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Environmental Factor

Environmental Factor

Your Online Source for NIEHS News

July 2024

Environmental Career Worker Training Program improves lives

Program evaluation finds graduates — many formerly homeless, unemployed, or incarcerated — earn more and work more than non-program workers.

A relatively small federal investment in the Environmental Career Worker Training Program (ECWTP) results in vast societal and economic benefits, according to a new program evaluation report covering 2014 to 2022.

Through well-targeted training, the program helps people from disadvantaged and underserved communities obtain careers in environmental construction, remediation, and cleanup. Part of the broader Worker Training Program, the ECWTP is administered by NIEHS.

Two workers from the cover of the June 2024 ECWTP report.
The June 2024 report describes how the ECWTP is a model for worker training programs, helps advance environmental justice, and supports the rehabilitation of formerly incarcerated people. (Image courtesy of NIEHS)

Notably, when compared to people with similar characteristics who were not in the training program, the evaluation found workers who completed ECWTP training experienced the following.

  • Were 80% more likely to be employed relative to nongraduates of the program.
  • Earned, on average, about 32% more per hour.
  • Worked, on average, about three more hours per week.

More than 14,500 individuals have been trained by the ECWTP since its inception in 1995. Through grantees, the program has reached people in 30 communities across 15 states and U.S. territories.

“Graduates of our program can be employed in the renovation of communities, as in lead pipe replacement or asbestos abatement, or construction after a natural disaster, like a hurricane,” said Sharon Beard, chief of the Worker Education and Training Branch at NIEHS. “When a community succeeds in getting environmental contamination addressed, no matter the cause, properly trained residents may be hired to do the work. Construction and the environment go hand in hand.”

Transforming lives

In addition to gaining job-related competencies, program participants expand their life skills in areas such as basic math, time management, and effective communication.

“Our federal funding goes to organizations that serve disadvantaged communities,” said Eric Persaud, Dr.P.H., a co-author of the report and health specialist with NIEHS. “Many people in these communities have experienced unemployment, homelessness, or are maybe coming out of correctional facilities.”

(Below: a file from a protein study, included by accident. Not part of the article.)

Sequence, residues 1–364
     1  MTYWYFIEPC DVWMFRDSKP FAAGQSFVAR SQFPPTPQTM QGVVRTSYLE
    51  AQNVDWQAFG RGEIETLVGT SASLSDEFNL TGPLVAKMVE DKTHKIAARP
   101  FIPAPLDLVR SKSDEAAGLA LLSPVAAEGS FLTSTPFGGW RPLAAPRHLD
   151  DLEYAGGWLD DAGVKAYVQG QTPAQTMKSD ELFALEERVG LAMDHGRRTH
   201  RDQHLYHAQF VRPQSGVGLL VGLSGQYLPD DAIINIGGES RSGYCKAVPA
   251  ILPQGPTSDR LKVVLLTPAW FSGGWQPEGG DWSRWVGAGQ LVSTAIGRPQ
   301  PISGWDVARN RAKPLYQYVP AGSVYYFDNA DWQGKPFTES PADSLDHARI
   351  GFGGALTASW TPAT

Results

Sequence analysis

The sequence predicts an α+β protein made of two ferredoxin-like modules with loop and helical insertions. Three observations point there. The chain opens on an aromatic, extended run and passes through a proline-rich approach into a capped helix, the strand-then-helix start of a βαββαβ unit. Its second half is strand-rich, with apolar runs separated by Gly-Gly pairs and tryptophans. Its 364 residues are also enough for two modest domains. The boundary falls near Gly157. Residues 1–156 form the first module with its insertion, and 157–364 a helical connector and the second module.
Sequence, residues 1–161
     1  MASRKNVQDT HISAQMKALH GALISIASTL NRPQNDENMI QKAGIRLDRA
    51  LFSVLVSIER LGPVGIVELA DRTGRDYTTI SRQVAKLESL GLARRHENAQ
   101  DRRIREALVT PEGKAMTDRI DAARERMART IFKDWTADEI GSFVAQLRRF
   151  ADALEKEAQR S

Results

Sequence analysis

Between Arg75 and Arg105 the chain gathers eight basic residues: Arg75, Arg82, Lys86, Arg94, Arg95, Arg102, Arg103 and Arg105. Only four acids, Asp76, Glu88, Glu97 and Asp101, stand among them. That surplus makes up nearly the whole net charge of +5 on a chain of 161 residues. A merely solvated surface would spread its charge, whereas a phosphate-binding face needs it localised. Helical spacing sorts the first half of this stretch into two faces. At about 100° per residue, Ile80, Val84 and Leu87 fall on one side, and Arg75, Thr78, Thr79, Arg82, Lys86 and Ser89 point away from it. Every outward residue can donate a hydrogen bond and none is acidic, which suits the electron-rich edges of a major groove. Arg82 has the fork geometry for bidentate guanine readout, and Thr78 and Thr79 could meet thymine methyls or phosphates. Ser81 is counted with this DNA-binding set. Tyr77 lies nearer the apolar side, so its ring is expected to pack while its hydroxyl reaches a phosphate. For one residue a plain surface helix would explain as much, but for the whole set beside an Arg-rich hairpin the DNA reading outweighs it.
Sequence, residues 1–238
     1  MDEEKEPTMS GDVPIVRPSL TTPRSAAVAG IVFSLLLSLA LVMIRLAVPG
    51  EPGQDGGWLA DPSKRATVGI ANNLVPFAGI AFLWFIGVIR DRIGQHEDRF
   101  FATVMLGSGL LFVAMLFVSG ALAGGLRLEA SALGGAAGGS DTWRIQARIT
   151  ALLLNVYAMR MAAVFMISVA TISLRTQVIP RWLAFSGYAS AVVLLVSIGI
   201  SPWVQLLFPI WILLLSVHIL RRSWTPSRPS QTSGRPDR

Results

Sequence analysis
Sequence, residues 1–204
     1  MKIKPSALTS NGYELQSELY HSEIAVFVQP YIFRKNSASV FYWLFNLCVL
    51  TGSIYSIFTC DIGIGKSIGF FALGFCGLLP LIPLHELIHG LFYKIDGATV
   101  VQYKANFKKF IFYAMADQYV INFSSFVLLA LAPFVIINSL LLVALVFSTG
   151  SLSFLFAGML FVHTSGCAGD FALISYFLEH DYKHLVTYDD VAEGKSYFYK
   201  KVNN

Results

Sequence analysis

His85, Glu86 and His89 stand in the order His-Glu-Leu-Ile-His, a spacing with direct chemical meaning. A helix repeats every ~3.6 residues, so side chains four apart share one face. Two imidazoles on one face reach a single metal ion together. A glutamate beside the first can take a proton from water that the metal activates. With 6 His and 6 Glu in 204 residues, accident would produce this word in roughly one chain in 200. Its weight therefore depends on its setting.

People transitioning from incarceration to community living — referred to as reentering — can have considerable trouble finding and keeping jobs. However, according to the report, ECWTP graduates with a history of incarceration do well in the job market.

“Rather than simply steering people with prior criminal records toward low-wage jobs, which is a problematic approach of some transitional programs, we help prepare people to cope with challenges on the job and in life,” added Persaud. “It’s a positive difference that affects their future.”

An emphasis on life skills helps all participants succeed and is “fundamental to the program’s success,” according to the report.

Successful model for worker training

Two workers trying on gas masks during safety training
The ECWTP also provides health and safety training, which may reduce the risk of workplace injuries and, therefore, injury-related costs, according to the report. (Photo courtesy of NIEHS)

Across the U.S., there are many workforce development and job placement programs for various occupations and industries. The components of the ECWTP set it apart and show a different, successful model for workforce development. Its trainees achieve a high rate of job placement.

“The clear achievement of the ECWTP led to its selection, in 2021, for the White House Justice40 Initiative,” said Beard.

The ECWTP fosters and supports partnerships among grant recipients, community leaders, and more than 200 community-based organizations, all of which enhances the job placement and personal development of trainees. These organizations provide cash and in-kind donations to the program.

“Our workforce development program is built on relationships and gets results,” continued Beard. “The model we have is scalable, and, with resources, we could serve more people.”

Reaping economic rewards

Illustration of two stacks one shwoing $3.5 million and another showing 28 times that with$99.3 million
Stated another way, there is an average annual economic return of approximately 28 times the amount invested by the federal government, according to the report. (Image courtesy of NIEHS)

The ECWTP received funding of $3.5 million in fiscal year 2021. Over the analysis period of nine years, annual program funding resulted in about $99.3 million returned to the economy annually, on average, or a cumulative value of nearly $894 million.

In addition to increased earnings, economic benefits from the program include reduced work-related injury costs, reduced job search and hiring costs, and reduced crime-related victimization and incarceration costs.

“These value-added benefits can lead to more environmentally and economically sound communities,” said Beard. The quantitative analysis in the program evaluation was led by Benjamin Artz, Ph.D., an economics professor at the University of Wisconsin Oshkosh.

Quantitative and qualitative findings are further described in the report, which is available for download from the NIEHS website, “Impact Evaluation of Workforce Development in Disadvantaged Communities: The NIEHS Environmental Career Worker Training Program.”

(Carol Kelly is managing editor for the NIEHS Office of Communications and Public Liaison.)

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